By doing this you keep the wood dry and avoid rotting (keeping mold away from your grow tent). It will also make it easier to clean and you won’t have to worry about water leaking to your floor.
Air-tight (temperature, humidity, and airflow)
As you may know, growing indoors allows us to control and adjust the temperature, humidity and intensity of the airflow, because of this, your grow tent must be air-tight.
If you fail to keep air inside, your exhaust fan won’t work properly, it won’t keep the cannabis smell contained and it will be easier to get bugs.
An air-tight grow tent is a must when growing in places where cannabis is illegal, failing to contain smell (and light) in the tent can easily cause neighbors to report you to the police, so make sure you check this a couple of times throughout your growing cycles, as this can easily be fixed and will save your from a lot of headache.
2. Different types of builds
When building your grow tent, you can make it as big as you want to and out of anything you have available as long as you make it light-proof, air-tight and waterproof.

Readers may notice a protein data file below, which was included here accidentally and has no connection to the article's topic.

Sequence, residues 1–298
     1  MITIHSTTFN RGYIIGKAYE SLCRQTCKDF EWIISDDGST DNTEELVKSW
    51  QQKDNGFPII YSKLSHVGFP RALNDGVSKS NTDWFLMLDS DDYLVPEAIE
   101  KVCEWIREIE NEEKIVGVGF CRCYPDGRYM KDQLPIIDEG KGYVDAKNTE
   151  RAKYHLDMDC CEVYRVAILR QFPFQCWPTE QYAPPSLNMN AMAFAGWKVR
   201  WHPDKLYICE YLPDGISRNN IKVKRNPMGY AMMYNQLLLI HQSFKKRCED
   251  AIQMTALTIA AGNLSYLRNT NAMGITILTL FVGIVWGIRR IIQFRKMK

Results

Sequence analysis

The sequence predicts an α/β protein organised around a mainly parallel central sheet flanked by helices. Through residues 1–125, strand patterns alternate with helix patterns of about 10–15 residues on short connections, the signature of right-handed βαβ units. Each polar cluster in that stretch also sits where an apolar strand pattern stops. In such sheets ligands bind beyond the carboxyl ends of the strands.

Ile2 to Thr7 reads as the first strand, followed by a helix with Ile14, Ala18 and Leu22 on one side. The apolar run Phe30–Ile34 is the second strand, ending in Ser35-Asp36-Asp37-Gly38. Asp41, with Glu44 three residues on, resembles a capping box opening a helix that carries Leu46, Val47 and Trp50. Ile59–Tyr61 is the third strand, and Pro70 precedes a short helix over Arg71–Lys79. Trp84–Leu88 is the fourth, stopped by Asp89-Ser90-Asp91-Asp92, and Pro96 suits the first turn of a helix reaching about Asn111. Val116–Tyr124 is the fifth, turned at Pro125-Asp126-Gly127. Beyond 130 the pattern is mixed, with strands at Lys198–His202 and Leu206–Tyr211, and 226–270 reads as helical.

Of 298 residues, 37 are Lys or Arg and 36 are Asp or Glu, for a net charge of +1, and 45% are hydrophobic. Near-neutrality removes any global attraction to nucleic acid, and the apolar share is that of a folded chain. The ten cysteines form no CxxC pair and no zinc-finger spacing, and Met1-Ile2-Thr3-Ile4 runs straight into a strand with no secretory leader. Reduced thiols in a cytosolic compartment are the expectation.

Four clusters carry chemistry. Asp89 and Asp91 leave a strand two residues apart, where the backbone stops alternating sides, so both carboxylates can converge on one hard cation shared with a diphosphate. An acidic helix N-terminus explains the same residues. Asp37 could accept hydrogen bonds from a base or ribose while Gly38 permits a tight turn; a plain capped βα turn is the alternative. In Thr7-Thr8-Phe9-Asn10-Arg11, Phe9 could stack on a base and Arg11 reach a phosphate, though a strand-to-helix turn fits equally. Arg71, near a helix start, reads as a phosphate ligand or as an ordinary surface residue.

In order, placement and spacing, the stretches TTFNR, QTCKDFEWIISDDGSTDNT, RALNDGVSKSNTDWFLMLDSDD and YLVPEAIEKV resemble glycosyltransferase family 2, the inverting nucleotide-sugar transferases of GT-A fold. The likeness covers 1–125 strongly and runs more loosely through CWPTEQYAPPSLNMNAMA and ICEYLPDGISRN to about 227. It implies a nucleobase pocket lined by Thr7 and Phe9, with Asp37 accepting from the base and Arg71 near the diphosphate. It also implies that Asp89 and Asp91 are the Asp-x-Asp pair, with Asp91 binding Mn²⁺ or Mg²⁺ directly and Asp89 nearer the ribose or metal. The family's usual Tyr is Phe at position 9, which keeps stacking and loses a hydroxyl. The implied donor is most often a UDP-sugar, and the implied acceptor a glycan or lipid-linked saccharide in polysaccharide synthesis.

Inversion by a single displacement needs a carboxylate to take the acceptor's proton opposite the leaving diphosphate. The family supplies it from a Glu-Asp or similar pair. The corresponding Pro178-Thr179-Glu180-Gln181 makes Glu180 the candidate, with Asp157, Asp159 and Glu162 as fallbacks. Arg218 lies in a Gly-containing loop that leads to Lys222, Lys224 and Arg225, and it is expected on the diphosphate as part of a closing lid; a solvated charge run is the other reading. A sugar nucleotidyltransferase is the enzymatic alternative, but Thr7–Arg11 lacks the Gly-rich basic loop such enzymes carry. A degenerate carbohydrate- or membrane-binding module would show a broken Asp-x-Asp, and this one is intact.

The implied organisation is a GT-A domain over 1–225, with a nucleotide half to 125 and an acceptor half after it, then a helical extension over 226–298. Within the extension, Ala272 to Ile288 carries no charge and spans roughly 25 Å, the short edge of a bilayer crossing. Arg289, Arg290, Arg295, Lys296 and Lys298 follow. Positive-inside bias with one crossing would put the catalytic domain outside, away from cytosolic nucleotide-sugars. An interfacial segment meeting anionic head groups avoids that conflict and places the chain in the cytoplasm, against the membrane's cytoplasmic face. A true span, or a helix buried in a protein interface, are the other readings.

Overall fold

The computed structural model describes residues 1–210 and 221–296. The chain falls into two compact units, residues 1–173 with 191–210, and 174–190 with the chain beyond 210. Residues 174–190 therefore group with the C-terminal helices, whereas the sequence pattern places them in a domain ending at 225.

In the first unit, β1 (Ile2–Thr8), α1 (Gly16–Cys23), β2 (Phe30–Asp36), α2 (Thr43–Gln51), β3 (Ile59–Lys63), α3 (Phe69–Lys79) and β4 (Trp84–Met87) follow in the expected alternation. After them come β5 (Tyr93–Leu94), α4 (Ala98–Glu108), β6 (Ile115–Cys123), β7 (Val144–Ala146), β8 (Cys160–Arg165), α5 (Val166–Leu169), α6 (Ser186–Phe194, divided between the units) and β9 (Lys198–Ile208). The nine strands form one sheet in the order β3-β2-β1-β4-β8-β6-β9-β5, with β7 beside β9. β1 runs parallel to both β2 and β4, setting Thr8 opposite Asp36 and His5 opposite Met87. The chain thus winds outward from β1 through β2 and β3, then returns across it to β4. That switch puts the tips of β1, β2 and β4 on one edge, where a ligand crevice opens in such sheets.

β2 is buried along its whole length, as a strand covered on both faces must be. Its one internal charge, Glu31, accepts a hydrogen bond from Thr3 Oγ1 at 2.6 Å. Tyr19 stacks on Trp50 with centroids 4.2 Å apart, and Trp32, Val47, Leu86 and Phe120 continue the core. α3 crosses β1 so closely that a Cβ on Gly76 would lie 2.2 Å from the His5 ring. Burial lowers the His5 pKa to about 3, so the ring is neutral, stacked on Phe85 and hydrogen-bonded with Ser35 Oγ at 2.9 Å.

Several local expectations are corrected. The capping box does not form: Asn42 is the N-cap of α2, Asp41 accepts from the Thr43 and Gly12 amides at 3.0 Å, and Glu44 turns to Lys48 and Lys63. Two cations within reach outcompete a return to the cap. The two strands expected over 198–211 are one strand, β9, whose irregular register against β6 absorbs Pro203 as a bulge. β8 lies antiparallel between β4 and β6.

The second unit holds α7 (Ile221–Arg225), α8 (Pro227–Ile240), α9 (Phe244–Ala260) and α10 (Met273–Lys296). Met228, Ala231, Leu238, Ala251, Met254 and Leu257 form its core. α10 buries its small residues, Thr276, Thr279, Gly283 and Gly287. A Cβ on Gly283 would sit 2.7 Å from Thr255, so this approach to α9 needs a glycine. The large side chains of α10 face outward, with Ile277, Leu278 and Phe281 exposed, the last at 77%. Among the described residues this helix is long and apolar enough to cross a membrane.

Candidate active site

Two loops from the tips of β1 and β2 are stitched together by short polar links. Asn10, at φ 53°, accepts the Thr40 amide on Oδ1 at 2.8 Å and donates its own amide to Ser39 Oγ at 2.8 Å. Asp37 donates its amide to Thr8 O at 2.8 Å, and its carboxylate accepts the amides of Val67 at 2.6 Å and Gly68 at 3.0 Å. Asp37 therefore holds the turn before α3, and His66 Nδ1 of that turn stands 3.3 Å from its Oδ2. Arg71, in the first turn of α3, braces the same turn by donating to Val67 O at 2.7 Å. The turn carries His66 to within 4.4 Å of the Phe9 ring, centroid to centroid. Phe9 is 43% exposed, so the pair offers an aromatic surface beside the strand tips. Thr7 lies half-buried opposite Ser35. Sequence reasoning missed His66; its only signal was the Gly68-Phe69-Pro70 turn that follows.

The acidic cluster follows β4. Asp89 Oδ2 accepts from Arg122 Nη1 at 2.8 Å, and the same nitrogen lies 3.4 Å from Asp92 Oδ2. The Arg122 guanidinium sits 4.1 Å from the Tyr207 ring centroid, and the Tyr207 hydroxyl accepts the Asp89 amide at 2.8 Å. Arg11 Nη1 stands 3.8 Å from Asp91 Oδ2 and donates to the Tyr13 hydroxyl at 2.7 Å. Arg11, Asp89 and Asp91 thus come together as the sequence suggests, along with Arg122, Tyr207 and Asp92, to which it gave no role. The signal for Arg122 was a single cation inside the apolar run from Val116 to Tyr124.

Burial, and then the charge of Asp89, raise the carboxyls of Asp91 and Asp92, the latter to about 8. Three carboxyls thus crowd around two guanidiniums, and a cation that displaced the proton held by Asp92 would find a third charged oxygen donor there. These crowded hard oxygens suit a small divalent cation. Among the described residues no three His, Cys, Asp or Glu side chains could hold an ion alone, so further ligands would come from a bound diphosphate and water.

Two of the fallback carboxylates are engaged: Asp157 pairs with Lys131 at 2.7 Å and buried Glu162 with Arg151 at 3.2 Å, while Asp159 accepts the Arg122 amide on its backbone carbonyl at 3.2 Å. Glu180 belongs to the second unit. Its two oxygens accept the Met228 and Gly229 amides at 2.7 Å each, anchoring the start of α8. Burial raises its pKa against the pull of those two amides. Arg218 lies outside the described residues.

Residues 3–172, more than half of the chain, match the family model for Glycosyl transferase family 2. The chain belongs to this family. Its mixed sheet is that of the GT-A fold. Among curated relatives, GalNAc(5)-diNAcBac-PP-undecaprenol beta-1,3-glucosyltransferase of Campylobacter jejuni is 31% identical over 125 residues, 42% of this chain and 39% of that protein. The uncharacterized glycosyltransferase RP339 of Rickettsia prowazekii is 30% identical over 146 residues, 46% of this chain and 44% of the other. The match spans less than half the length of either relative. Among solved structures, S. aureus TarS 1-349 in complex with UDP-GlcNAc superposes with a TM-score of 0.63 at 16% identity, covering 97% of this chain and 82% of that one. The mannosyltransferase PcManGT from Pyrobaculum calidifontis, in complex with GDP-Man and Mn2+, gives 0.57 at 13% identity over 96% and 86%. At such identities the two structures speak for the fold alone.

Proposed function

The easiest ways of making it are with a metal (wood or plastic) structure and a plastic sheet covering it, or building a closet-like structure with plywood.
3. Building your own indoor grow step-by-step
To start building your own indoor growing space you’ll need some basic materials and tools, some you might already have at home.
A grow tent is the best DIY grow space because (depending on how you build it) you can easily disassemble it when you need to and then mount it again without needing anything else.
To build a grow tent, you will need wood, metal or plastic poles, and a plastic sheet.
The size of the poles obviously depends on the height and size of the grow tent you want to build, but here’s an example to build a 1x1x2 grow tent.
First, you’ll need to cut and assemble the poles into something like this: